Rhenus Logistics has just three years to almost triple in size – that is, admittedly, a target set for itself, but it means next year the market is likely to see some M&A activity.

This year, the privately owned forwarder expects some 360,000 teu to pass through its hands, which likely places it in the top 35 or so forwarders (although its reported $7bn in revenues in 2021 would place it between 15th and 20th).

But its aim is to reach 1m teu by the end of 2025 – which would place it in the top 10, or top 15 by volume.

Jan Harnisch, co-chief executive for Rhenus Air & Ocean, told The Loadstar at TIACA’s ACF in Miami: “We are using that number to rally everyone. The vision is to get that number, which will unify the team – and it’s an easy number to remember.”

He said “the space between the largest and mid-size forwarders is getting bigger and bigger”, and added: “We need to grow in volume, but it can’t be just organically.”

His co-chief executive, Tobias König, added: “Rhenus will be active in the M&A market. We are looking. The growth we want can only be achieved by M&A, split with organic growth.”

Rhenus has already grown considerably in the past three years, taking on Canada’s Rodair, Freight Logistics in the US and WNL in South Africa, among others.

“We’ve grown a lot, and we’ve worked out what sort of company we want to be, what’s the best size, mix, M&A,” said Mr Harnisch. “It shows a message of aggressive growth.

“We are becoming a more open company and want to show we now have the capabilities to grow. This year, we really are global. We are on all continents, have teams in place and M&A capability.”

The circumstances of the past two years have limited organic growth, but firmed-up finances.

“One of the benefits of being smaller is that we can only grow, the potential is huge,” added Mr Harnisch. “Even if a crisis comes up, Rhenus will continue to grow.

“But during Covid it was very difficult to grow, as capacity was so limited. Everyone is worried about the current market, understandably, but it’s an opportunity. Carriers are now coming to us, so it’s time to bring in big accounts again.”

Lack of capacity meant smaller forwarders couldn’t chase large accounts, but now the capacity crisis has eased, Rhenus is hoping to attract some large customers, many of which, claim the co-chiefs, have become disillusioned with the “machines” of the largest forwarders.

“They build a machine for their customers, but there is no customer service mentality,” said Mr König. “Rhenus wants to position itself with a certain critical mass – but a customer service focus. We have picked up customers from very large forwarders.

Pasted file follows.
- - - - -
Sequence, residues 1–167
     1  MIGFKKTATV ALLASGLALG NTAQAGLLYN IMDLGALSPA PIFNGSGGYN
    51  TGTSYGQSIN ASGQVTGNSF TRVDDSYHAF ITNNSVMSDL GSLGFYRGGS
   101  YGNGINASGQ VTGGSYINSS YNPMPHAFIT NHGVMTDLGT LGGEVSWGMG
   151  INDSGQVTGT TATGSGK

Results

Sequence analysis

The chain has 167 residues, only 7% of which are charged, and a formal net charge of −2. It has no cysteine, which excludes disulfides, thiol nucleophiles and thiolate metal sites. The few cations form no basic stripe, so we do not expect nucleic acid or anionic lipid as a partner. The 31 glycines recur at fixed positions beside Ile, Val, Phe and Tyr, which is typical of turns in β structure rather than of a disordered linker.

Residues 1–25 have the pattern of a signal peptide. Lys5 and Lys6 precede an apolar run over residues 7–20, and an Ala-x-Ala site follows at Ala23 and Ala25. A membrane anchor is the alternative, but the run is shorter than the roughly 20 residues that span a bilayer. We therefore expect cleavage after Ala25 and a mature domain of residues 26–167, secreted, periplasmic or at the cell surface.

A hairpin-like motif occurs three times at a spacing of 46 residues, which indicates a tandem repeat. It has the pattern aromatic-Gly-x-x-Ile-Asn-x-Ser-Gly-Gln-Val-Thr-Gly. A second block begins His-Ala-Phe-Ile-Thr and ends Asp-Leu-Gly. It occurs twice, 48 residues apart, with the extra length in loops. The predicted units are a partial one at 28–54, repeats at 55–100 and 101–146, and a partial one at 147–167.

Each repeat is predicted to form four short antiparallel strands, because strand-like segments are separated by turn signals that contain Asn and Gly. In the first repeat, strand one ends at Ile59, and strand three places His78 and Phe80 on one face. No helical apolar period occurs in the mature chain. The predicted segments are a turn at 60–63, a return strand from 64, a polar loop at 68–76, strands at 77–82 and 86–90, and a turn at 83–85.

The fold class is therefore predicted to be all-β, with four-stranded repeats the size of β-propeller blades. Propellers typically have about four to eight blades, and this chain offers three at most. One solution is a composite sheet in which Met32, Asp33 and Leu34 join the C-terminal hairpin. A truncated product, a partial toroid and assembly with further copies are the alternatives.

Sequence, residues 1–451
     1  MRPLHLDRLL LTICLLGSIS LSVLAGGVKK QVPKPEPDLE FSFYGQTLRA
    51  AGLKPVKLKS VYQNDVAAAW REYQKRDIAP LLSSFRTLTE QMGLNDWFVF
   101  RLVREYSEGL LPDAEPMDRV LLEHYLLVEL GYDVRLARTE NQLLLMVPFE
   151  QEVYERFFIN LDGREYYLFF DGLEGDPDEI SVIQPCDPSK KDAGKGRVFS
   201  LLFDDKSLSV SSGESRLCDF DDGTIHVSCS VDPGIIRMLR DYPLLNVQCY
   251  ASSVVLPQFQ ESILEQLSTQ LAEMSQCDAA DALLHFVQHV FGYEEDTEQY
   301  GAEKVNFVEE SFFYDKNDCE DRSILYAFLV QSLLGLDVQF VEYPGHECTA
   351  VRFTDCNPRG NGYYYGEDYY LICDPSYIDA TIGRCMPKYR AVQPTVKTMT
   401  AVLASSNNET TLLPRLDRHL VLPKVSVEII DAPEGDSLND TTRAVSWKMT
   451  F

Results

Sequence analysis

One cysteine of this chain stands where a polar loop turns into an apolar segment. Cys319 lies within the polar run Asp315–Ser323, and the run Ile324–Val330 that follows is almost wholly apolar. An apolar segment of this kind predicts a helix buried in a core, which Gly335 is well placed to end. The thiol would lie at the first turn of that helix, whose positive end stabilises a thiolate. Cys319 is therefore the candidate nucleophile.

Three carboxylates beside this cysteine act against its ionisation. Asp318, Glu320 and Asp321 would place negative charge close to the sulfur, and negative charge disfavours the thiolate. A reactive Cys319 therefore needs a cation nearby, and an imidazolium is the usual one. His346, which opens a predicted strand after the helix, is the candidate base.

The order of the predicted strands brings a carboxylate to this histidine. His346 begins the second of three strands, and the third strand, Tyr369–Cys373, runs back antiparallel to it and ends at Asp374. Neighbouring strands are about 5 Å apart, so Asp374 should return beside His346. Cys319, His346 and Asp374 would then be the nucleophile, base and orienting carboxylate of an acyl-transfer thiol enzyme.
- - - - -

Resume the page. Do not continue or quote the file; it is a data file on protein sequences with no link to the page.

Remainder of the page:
“When it comes to growth we want a solutions-driven approach – you can’t compete on standard products, so you have to offer customers individual solutions, which focus on the industry sector for each customer.”

Its main geographic focus for growth over the coming year is in the US, although Rhenus has also been acquiring warehousing in Asia and plans to buy more: it currently has 50:50 owned vs leased, with all its Americas warehouses rented.

“It’s a change for us, we’ve been asset-light [in warehousing],” said Mr König. “But we do have our own terminals, vessels and barges. Buying warehouses is to build up more property and more value, and to have our own facilities.”

It now has the ability to serve Americas customers directly, and this is where Rhenus wants to build more.

“The US is a strong focus for us and we want to reach that growth pretty fast,” said Mr Harnisch. As a result, it sees itself as a rival to Flexport, rather than the likes of DSV, he said, adding: “It’s much more sophisticated, and technology can free up existing capacity.”

Rhenus hasn’t quite got the Flexport-style IT, but via tech company Cargowise is it beginning to implement improved systems. Mr Harnisch said: “We are rolling out our own global system, but it’s been a steep learning curve.”

In the short term, Rhenus believes the market will stabilise after Chinese New Year, but with a “very broad portfolio”, it claims it is not too exposed to any one vertical.

And Rhenus has one other advantage – that, presumably, has prevented it from being snapped up and rolled into a rival, larger forwarder.

“We have no shareholders to satisfy, except one,” said Mr König.